A Conversation with Jack Hirschfield | Local Vocal | Pittsburgh | Pittsburgh City Paper

A Conversation with Jack Hirschfield



Native West Ender Jack Hirschfield's mind has long gone to the birds. The now-retired roofer has been breeding and training racing pigeons in his backyard, also known as "Hilltop Lofts," for over 54 years. He is currently preparing his young birds for their racing season, which will start on Aug. 20.



What's the difference between your birds and the "winged rats" people see in the city?

Mine are racing pigeons; the other ones are bums! These birds don't look like the ones in the city. They're clean. Even their droppings are perfect. Wild pigeons don't have that good homing instinct. The difference is in their blood, just like with racehorses, but there's nobody riding their backs!


How did you get into this sport?

My dad flew pigeons back in 1919, and he got me into it in 1951. I have a twin brother and, just like any kid around 11 or 12, we were getting into too much mischief. So my dad said, "I'm going to get you a hobby, what I used to do." He built a coop, got a couple birds off the neighbors; I'd go around and clean the neighbors' coops and I'd get some of their birds. Back then, there were 200-some lofts in the area. Today no younger kids are doing this. Parents ought to get their kids interested; it would keep them off the corners. It did for me.


How does a race work?

Thousands of birds can be released at once, so you put these counter marks [colored identification bands] on your birds' legs. They're let go 300 miles away and have to fly back to my coop. When one gets back to the coop, I have to pull the counter mark off, stick it in a capsule, and drop it into the counting device that registers the time, day, number of seconds. Every second counts! All of the registered numbers are then put onto a computer, and the figures are averaged into yards per minute to figure out which birds are the fastest.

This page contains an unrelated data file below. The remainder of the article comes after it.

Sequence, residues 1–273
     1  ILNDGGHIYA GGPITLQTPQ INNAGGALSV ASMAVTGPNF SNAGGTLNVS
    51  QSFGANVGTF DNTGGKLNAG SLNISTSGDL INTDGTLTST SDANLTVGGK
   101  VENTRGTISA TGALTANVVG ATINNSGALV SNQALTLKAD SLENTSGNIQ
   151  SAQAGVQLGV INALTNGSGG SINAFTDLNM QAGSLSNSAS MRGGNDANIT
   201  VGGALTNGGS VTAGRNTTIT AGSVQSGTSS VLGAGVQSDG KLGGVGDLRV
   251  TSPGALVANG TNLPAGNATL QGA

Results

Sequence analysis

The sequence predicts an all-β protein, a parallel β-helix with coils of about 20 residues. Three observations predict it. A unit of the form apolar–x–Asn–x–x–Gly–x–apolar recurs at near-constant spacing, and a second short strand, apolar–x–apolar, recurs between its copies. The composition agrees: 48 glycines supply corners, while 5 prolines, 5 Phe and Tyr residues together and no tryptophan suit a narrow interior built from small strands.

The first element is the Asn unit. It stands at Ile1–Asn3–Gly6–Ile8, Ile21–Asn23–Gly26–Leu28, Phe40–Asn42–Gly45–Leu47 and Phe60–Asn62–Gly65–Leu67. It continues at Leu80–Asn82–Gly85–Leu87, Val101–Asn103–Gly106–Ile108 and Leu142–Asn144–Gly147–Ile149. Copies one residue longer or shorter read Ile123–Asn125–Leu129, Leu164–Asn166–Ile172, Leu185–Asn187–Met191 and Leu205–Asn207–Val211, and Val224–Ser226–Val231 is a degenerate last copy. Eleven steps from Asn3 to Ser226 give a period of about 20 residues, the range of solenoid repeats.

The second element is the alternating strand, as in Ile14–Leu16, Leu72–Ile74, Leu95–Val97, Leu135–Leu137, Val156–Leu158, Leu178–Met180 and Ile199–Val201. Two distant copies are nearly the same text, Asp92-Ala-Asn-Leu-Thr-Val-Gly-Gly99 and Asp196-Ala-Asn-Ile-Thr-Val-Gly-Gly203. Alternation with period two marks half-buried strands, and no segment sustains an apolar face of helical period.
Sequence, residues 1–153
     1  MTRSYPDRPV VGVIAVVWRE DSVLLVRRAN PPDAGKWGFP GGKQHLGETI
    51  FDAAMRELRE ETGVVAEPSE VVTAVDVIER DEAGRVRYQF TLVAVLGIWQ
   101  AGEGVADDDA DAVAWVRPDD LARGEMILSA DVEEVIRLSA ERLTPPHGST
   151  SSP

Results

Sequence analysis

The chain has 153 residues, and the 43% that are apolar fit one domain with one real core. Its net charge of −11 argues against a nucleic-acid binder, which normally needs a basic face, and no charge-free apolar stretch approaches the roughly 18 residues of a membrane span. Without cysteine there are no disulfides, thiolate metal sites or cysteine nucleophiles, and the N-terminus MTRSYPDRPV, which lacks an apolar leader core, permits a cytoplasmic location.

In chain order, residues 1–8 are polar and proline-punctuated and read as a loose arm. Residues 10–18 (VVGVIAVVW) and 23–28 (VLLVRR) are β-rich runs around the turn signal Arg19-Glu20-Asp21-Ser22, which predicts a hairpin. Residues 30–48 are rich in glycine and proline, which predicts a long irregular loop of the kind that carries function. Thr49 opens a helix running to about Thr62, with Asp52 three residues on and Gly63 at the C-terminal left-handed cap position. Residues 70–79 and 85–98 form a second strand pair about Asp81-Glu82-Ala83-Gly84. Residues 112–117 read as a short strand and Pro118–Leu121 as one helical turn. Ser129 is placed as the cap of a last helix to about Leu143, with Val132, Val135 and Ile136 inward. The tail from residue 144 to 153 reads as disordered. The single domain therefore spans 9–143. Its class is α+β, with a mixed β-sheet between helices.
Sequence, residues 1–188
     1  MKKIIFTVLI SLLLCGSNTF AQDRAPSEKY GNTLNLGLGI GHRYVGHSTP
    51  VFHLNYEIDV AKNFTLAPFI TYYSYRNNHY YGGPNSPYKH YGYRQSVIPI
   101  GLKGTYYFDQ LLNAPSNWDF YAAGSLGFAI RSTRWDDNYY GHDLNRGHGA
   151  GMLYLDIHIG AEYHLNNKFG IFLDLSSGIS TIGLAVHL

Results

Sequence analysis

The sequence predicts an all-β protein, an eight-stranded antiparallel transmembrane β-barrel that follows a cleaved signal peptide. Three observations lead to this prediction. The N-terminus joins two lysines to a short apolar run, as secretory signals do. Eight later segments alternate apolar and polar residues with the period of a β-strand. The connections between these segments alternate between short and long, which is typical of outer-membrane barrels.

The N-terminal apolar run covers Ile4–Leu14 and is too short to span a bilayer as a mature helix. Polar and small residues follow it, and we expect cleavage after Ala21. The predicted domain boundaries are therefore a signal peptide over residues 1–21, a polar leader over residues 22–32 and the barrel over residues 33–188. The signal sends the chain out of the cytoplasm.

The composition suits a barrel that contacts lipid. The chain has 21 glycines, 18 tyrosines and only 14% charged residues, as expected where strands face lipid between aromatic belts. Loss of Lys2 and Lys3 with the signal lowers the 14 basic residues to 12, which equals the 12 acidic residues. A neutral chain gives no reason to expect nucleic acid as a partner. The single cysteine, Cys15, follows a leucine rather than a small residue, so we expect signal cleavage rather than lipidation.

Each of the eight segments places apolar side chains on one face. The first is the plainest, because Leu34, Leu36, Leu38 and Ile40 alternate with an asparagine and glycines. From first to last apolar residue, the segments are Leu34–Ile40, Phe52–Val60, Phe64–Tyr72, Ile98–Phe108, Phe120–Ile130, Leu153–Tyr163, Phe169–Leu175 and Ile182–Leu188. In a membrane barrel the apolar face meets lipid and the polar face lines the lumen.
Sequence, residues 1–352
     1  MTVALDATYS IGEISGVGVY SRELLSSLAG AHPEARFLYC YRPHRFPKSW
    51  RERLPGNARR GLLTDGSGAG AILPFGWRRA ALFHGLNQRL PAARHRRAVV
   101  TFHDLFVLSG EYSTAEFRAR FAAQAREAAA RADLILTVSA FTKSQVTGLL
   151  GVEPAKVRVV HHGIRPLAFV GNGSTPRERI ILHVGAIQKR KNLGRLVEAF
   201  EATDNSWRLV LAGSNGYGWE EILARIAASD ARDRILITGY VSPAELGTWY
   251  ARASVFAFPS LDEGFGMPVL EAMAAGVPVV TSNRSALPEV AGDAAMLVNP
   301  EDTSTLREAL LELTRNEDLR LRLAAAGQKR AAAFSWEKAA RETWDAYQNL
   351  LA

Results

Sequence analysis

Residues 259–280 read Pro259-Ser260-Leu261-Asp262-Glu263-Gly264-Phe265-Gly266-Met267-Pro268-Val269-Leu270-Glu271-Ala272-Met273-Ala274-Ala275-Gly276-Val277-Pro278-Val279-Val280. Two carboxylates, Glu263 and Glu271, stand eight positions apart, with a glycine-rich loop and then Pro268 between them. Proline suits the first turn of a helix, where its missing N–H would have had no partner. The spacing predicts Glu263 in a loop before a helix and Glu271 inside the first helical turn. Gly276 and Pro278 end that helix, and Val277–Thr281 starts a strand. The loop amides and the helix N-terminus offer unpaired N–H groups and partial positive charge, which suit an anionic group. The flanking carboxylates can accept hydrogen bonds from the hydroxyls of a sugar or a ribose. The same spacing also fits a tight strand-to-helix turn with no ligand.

How long does it take them to come back?

The wind controls the race. Going 600 miles with a west wind, they'll be back in one day. A hundred miles will take them two hours to come home, depending on the wind.

But I have a bird that was in a race once and he came home three years later! He hurt his wing -- maybe a hawk hit him -- and he probably flew from house to house 140 miles until he got back.


What makes a good racing pigeon?

It's just chance ... like you have some kids in a family who are bright and some who are dummies. It's in the blood. But no matter what, you've got to keep your birds healthy, give them good feed, or you're not gonna be in with the big boys. I clean my coops three times a day, spread special powder on the floor to kill any bacteria.


Do you think pigeons' intellect is underrated?

I think they're the smartest birds in the world. When they fly their first race, they're only 12 weeks old!  Parrots talk, but they won't come home if you let them out. In World War I, [pigeons] were trained to fly from squad to squad, carrying messages, and they'd fly through bullets in the air. They saved a lot of lives. There ain't nothing smarter than a pigeon.


What are the white birds for?

We use them for weddings and funerals. People call us up, and we'll put the birds in a nice basket for the bride and groom to open up. They'll come out and fly home. They usually get back before we do! The funerals are sad. We did one, it was a cloudy, raining, no sun. When the minister talked about doves, we let the birds go. Soon as they went up, the clouds opened and the sun came out! The birds flew right up into it. It put chills up my arm it was so spooky.


Do you have to worry about birds of prey eating your pigeons?

The hawks got one of mine already [this year]. The way I look at it, they gotta eat too.

My mom and dad used to make pigeon potpies! You don't get much meat off of them, just breast. It's delicious.

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